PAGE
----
Democrats are campaigning for 2018 on a “Better Deal” platform, focusing on progressive economic reforms, and this week have rolled out a set of proposals for strengthening unions and workers’ right to organize. Among them:
- A “federal law that provides public workers with the same rights and freedom to engage in collective bargaining as their private sector counterparts,” designed to prevent the piecemeal right-to-work efforts that have taken off in Republican-run states since 2011.
- A ban on state “right-to-work” laws altogether, as “they have been found to reduce union membership by up to 10 percent and have resulted in lower wages and decreased access to employer-provided health care and pensions.”
- Making it easier to strike with a “ban [on] the permanent replacement of striking workers.”
- Limiting employers’ ability to campaign against union drives. “When companies taint the election process by using captive audience meetings, the NLRB will set
corrupted election results aside and require the employer to bargain with the worker representative,” Democrats write in the Better Deal white paper.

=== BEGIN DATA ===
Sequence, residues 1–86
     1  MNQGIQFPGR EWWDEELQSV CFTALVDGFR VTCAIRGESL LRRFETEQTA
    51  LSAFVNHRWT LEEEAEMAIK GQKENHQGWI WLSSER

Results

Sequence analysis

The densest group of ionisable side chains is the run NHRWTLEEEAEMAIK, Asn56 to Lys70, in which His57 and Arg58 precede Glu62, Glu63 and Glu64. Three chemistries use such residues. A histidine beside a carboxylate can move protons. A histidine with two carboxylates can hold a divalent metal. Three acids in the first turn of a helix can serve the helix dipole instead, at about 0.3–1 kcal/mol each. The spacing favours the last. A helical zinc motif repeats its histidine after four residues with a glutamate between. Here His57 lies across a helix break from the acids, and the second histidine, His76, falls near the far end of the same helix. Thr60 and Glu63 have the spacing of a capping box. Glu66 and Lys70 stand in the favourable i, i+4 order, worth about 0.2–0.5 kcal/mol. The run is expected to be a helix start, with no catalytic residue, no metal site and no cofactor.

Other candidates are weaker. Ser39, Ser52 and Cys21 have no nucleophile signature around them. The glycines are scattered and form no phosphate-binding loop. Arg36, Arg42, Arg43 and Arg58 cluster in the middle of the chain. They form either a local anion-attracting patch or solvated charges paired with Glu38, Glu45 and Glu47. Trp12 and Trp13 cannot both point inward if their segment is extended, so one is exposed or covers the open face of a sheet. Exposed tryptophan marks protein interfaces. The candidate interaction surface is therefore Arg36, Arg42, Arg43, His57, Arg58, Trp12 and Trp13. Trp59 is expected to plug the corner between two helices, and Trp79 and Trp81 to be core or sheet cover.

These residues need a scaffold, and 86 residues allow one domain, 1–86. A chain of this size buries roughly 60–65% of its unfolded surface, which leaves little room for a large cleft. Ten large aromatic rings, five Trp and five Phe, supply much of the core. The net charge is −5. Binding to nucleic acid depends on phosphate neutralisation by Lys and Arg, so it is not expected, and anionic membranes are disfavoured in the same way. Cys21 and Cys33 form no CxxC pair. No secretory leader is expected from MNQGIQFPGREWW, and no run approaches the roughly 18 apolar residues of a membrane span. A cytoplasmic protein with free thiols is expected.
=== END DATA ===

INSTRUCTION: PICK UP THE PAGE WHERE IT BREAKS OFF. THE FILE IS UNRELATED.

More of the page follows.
These proposals join a long list of things Democrats have pledged to do for working people but can’t even get a vote on as long as Republicans control Congress. Dave Weigel points out that it’s also an opportunity to strengthen relationships with a labor movement that’s grown disillusioned with Democratic inaction. According to a resolution at last week’s AFL-CIO convention:
“In the results of national elections, whether the candidates elected are from the Republican or Democratic Party, the interests of Wall Street have been protected and advanced, while the interests of labor and working people have generally been set back,” read the resolution. While continuing to endorse “friends and allies of workers,” the AFL-CIO “pursues a strategy of advancing our core issues through referenda and ballot initiatives and propositions at the statewide and local level; studies the viability of independent and third-party politics; and explores other reasonable means of advancing the interests of labor in electoral politics.”
In 2018, or 2020, or whenever Democrats manage to regain the ability to hold votes on bills or even pass laws, they’ll have to follow through. But now it’s important to offer a positive vision for what could be, even if it won’t get one-tenth the coverage of a single Trump tweet.